Popular in Rural Areas, Roadrunner Chicken is Becoming an Urban Delicacy

Roadrunner chicken is a free range variety that scavenges for food, and the meat is tougher – and some say tastier – than the cage-raised broiler variety. As its popularity grows in urban areas, roadrunner chicken offers city dwellers both a healthier option and business opportunity.

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Popular in Rural Areas, Roadrunner Chicken is Becoming an Urban Delicacy

Linda Mujuru, GPJ Zimbabwe

Kudakwashe Mutsvairi, a roadrunner chicken farmer who sells chickens and eggs from his family farm in Harare, Zimbabwe, says roadrunners are the easiest birds to raise. But, he says, the work requires patience, as the chickens may take up to six months to fully mature.

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HARARE, ZIMBABWE — At an outdoor restaurant in Harare, a roadrunner chicken is served with millet, maize, sorghum pap (referred to as sadza in Shona) or rice mixed with peanut butter. The chicken, which used to be found mostly in rural areas of Zimbabwe, is becoming increasingly popular in urban areas.

Roadrunner chickens survive by scavenging for their own food, feeding on grass, plants, worms and other insects, as opposed to being provided chicken meal. Due to their active nature, they are very hard to catch – hence their name, “roadrunner.”

Philemon Zhakata, 52, runs a restaurant called Chicken World, and he serves roadrunner as one of his special dishes.

“These days people are concerned about their health; a roadrunner is preferred because it is natural and healthy,” he says.

Zhakata says he prefers roadrunners from rural areas because they scavenge for the bulk of their food. The chickens that are fed stock feed tend to have softer meat and are not as tasty, he says.

“There are now two types of roadrunners these days: there is one that is fed with stock feed and the one that looks for its own food. The tastes of the two are different because the former is fed with stock feed,” says Zhakata.

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Linda Mujuru, GPJ Zimbabwe

Kudakwashe Mutsvairi’s roadrunner chickens gather around as they wait for him to scatter a handful of sorghum seeds. The chickens usually seek out their own food, but Mutsvairi occasionally feeds them natural seeds.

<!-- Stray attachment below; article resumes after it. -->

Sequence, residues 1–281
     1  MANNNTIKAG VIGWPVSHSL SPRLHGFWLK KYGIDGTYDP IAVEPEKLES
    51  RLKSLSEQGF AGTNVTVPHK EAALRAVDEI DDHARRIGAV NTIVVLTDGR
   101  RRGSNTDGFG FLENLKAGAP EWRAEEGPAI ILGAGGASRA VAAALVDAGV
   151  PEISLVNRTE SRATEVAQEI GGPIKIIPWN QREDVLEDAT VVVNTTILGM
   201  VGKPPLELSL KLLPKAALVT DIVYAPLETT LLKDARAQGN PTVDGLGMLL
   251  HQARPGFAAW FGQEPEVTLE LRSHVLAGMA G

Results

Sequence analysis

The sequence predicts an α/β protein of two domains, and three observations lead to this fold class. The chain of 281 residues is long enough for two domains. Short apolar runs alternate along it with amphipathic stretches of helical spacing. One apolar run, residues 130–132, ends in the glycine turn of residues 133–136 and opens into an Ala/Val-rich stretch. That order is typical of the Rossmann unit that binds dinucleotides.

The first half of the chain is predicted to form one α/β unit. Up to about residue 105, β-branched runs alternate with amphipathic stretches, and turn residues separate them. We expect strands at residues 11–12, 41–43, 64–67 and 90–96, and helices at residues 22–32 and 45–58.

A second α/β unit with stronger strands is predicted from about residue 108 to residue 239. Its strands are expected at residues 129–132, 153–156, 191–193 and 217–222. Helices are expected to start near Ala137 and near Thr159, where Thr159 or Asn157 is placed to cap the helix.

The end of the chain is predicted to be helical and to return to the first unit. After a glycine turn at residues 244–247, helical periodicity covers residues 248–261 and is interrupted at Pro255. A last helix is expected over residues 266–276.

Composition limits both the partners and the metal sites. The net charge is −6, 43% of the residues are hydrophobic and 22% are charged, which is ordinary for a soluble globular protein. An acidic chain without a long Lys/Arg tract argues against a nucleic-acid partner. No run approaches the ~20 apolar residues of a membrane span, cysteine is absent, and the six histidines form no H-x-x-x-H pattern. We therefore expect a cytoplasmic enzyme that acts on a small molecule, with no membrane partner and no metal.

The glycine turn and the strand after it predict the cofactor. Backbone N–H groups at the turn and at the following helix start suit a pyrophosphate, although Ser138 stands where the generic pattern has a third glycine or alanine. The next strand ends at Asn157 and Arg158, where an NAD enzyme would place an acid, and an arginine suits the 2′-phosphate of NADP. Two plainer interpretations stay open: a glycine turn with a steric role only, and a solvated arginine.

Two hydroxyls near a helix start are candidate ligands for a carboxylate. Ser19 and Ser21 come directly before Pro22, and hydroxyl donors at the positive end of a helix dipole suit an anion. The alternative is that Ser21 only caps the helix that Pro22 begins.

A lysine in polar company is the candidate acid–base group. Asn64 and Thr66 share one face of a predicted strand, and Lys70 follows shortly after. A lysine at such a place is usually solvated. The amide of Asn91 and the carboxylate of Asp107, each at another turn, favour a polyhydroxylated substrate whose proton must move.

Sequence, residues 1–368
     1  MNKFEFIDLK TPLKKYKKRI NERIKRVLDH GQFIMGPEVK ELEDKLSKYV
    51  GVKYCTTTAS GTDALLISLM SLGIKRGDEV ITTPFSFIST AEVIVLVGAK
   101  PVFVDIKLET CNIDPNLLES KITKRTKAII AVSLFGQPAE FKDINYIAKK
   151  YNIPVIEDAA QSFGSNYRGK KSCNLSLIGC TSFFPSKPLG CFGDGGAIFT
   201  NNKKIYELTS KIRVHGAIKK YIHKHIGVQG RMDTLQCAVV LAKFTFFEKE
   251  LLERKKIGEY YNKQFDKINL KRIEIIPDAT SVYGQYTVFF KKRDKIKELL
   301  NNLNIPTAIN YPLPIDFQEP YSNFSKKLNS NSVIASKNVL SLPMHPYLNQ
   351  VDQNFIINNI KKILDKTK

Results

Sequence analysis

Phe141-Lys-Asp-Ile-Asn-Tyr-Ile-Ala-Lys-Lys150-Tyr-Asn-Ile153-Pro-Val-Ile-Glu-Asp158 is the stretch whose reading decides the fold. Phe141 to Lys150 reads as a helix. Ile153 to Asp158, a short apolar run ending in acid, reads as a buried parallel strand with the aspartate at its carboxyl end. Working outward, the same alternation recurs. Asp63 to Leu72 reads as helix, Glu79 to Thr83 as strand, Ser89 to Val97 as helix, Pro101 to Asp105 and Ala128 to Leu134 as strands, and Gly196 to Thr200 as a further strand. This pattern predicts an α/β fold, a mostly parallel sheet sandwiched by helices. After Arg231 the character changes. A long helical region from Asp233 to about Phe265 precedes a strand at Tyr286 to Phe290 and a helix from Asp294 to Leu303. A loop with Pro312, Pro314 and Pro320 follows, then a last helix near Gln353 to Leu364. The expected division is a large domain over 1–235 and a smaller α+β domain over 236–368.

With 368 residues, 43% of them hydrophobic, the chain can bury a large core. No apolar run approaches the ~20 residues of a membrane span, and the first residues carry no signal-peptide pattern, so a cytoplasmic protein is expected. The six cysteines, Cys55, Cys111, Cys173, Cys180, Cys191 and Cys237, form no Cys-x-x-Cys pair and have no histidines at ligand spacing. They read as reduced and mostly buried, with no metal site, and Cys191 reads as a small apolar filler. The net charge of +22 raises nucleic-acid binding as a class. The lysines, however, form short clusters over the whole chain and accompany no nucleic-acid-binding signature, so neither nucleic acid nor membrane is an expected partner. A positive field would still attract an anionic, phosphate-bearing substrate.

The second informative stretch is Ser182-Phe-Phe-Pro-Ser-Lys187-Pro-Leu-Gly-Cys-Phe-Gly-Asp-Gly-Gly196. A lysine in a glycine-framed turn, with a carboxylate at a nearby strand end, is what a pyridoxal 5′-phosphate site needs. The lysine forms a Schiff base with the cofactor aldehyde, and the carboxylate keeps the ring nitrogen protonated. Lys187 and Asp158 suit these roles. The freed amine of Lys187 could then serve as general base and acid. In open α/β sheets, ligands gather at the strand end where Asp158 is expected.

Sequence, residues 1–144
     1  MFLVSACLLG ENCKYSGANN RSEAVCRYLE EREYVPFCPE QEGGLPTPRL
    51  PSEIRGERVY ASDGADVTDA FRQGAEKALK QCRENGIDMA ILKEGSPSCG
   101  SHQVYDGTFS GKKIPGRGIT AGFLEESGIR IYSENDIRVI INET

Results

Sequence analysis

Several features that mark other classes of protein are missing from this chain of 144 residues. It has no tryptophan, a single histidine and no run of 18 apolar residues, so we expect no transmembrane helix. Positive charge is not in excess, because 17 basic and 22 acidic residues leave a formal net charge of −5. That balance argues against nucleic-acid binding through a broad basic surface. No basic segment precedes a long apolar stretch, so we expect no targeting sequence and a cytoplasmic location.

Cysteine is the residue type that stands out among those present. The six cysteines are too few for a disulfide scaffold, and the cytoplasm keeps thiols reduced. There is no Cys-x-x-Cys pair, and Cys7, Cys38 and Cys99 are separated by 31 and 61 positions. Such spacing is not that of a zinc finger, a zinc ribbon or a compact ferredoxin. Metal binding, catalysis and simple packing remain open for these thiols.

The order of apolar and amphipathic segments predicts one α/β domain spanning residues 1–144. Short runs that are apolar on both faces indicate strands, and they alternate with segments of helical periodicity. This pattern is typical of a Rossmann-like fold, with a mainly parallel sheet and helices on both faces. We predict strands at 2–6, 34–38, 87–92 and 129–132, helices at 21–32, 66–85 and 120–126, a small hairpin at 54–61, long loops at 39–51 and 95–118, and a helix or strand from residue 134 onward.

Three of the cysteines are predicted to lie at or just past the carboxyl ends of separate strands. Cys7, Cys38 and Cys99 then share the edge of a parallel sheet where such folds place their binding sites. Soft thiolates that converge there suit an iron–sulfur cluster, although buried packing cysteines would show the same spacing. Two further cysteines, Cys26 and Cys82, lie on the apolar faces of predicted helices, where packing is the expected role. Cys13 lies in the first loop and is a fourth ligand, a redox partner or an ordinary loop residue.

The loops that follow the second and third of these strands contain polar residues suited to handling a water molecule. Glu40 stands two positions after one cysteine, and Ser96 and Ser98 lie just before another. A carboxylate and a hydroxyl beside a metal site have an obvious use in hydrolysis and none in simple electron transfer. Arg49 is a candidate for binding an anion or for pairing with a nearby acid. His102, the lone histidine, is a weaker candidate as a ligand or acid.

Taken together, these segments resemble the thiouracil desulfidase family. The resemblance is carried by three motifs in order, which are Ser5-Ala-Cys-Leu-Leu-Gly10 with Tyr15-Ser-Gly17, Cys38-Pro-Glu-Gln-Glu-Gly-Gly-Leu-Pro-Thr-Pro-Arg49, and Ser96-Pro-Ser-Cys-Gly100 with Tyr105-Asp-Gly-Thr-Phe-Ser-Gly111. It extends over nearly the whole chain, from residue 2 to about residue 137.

The more the chicken works for its food, the tougher its meat becomes – and Zhakata’s customers prefer the tough meat.

He says a meal with roadrunner chicken meat costs $5 and he sells an average of 35 plates a day.

Roadrunner chickens were primarily popular in rural areas of Zimbabwe, but as residents of urban areas have become more health conscious – turning to vegetables mixed with peanut butter as opposed to cooking oil, for example – the tough roadrunner is becoming a meat of choice.

People believe that the chicken is healthier than the usual broiler chicken, a breed of chicken raised strictly for meat production in a confined pen, living off stock feed.  

Kudakwashe Mutsvairi, 21, is a roadrunner chicken farmer. He says he started the business with his father in November 2015.

“We have about 500 roadrunners and we get an average of 90 eggs per day,” he says.

He explains that a commercial broiler chicken takes at least six weeks to mature, as it’s fed with the intent to grow quickly, as opposed to a roadrunner chicken, which requires a minimum of six months to mature.

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Linda Mujuru, GPJ Zimbabwe

Kudakwashe Mutsvairi and his father, Phillip Mutsvairi, created their farm after realizing that raising and selling the roaming roadrunner chickens could be a profitable business.

“We focused on roadrunners because of its nutritious benefits. They are easier to keep and they find their own food.”

In a month, he earns an average income of $500 to help with his studies.

“I sell roadrunner meat and I also sell eggs, and it is profitable but you need patience to grow them,” he says.

The price of the bird depends on the breed – Boschveld or Potchefstroom Koekoek, for example – and ranges from $10 to $15. The eggs range from $8 to $10 a crate.

Phillip Mutsvairi, Kudakwashe’s father, says he and his son started the business after realizing that despite being a delicacy the roadrunner has largely been grown for domestic or household consumption, yet great potential existed for commercializing it.